Grace is any gift that God gives to undeserving sinners. God’s forgiveness is grace. Our spiritual gifts, the special abilities that we have been given by God to strengthen the church, are also grace. But have you ever thought of your generosity to others as God’s grace to you? I didn’t until I came across this interesting passage in Paul’s second letter to the Corinthians (I am grateful for Pastor Tim Keller’s sermon on this passage for the inspiration).

To set the scene, Paul has just launched the first international relief effort in the world. Famine hit the land of Judah, and the churches there were in danger of starving to death. So Paul decided to raise money from the churches in Greece and Asia Minor (Turkey) to send to their brothers and sisters in Israel. Paul is writing to the Corinthians, who happened to be the wealthiest church in that part of the world, encouraging them to give generously. As he “gently” persuades them, he makes this curious statement about grace.

2 Corinthians 8:1-2: And now, brothers, we want you to know about the grace that God has given the Macedonian churches. In the midst of a very severe trial, their overflowing joy and their extreme poverty welled up in rich generosity. 

What did grace look like for the poor Macedonian churches? It meant overflowing joy in the midst of poverty that exploded in generosity that embarrassed their wealthier Corinthian brothers and sisters. That might be inspiring, but how exactly is this an example of God’s grace? Doesn’t it simply mean that the Macedonians were better Christians? 

Paul answers this question by connecting their generosity with the Gospel.

2 Corinthians 8:9: For you know the grace of our Lord Jesus Christ, that though he was rich, yet for your sake he became poor, so that you through his poverty might become rich.

In other words, the Gospel became so real to the Corinthians that they no longer measured their wealth by what was in their bank accounts. They had the riches of God’s eternal promises and they so deeply trusted him that their grip on their possessions began to loosen. Yes, it was hard to give. As my father likes to say, “when you give, you have less.” But they had something that gave them greater security than money. They had a savior that left all the wealth of heaven to be born into the family of a poor homeless carpenter and in the end was stripped of all of his possessions, including his clothes, and was nailed to a cross. Jesus lost everything so that he could give us everything. If Jesus did that, how can he fail to provide everything we need. When we believe in Jesus’ limitless grace, generosity becomes a joy.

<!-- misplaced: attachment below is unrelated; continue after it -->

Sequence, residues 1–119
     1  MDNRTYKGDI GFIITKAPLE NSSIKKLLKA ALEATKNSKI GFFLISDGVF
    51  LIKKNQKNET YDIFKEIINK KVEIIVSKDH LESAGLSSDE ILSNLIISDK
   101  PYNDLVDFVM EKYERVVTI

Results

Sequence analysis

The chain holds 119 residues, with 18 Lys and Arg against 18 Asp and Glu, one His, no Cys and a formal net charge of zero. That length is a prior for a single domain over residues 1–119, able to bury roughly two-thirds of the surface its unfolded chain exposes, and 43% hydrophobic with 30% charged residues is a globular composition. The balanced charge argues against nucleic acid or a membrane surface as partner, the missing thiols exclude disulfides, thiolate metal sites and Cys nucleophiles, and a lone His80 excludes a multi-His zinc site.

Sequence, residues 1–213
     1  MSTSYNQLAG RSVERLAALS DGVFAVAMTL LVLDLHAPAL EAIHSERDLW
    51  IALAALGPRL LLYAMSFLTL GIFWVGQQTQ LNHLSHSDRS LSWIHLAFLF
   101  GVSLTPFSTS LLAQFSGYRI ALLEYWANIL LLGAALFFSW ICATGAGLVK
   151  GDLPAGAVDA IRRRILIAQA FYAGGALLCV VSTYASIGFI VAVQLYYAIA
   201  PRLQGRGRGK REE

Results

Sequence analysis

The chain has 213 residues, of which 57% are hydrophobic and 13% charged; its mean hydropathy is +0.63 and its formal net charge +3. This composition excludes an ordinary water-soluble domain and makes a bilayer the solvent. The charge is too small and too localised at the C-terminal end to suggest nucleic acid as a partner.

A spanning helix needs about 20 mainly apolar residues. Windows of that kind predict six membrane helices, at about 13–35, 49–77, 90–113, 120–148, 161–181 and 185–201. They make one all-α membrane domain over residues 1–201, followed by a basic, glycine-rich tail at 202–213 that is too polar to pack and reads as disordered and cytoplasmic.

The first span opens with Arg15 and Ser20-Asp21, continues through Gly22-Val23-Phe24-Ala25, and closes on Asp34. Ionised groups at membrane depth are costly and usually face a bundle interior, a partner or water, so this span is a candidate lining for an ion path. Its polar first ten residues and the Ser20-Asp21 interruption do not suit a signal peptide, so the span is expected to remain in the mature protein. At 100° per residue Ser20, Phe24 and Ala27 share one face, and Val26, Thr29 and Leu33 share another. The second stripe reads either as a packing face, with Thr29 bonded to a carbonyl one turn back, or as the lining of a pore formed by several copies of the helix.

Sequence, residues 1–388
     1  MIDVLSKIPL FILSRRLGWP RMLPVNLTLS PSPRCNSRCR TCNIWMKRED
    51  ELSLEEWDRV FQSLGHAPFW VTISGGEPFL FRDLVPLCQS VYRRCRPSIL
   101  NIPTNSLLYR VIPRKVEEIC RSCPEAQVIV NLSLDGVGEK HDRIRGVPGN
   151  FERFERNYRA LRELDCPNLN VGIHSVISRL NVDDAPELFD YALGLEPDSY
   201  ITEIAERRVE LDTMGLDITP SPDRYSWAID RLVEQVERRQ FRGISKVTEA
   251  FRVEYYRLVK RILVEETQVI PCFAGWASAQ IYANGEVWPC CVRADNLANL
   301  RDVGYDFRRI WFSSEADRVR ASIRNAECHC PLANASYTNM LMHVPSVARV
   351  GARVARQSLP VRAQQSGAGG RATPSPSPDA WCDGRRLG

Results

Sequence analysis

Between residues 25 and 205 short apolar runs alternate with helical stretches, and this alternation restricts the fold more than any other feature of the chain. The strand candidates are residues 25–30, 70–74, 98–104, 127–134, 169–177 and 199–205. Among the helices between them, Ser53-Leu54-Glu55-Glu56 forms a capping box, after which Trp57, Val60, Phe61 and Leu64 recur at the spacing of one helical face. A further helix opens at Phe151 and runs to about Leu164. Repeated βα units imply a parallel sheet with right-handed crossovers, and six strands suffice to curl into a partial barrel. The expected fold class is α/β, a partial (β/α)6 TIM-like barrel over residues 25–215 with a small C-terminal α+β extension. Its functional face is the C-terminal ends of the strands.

Believing in grace leads to sacrificial generosity, but I am also convinced that practicing generosity can lead to a deeper belief in grace. I remember when I was a boy, my dad would always tell us: “you can’t outgive God.” But how can you know if this is true? You have to try it. 

I’ve found that practicing generosity is like practicing sabbath. When you practice sabbath you discover that you are God’s son or daughter, not his slave. He loves you even when you are not accomplishing anything. When you practice generosity you are learning that God can provide for you even when you have less. You learn that there are deeper riches than money. You won’t truly know until you step out in faith. 

So, our normal personal practice is to tithe our money to the church and then give on top of that to individuals and organizations that may need our help. I use the term “give” loosely because every time we give, we feel like we are simply giving God’s money away. Each time we have learned that God finds creative ways to out give us. That is grace. 

But I’ve also learned that generosity is far more than writing a check. Time is one of our most precious commodities. For some this is easy, but for task-driven people like me, giving people the quality, undivided, undistracted time is a deep struggle. When I am able to do it, God’s grace is working powerfully in me. When I fail, it is because I have lost sight of the Gospel. 

How about your gifts and abilities? In our grace-less world, gifts and abilities are to be used to get a job, and in that job we find our identity and financial security. What if you saw your gifts as the unique way God has called you to serve others, rather than a way to validate yourself? We know that God’s grace is at work when we see our time, money, and abilities as a call to serve rather than as our security and identity. 

What are your experiences with generosity? How have you practiced generosity in your life? How is God challenging you to give your time, money and abilities? Feel free to share your thoughts in the comments section. I’d love to keep this conversation going. 

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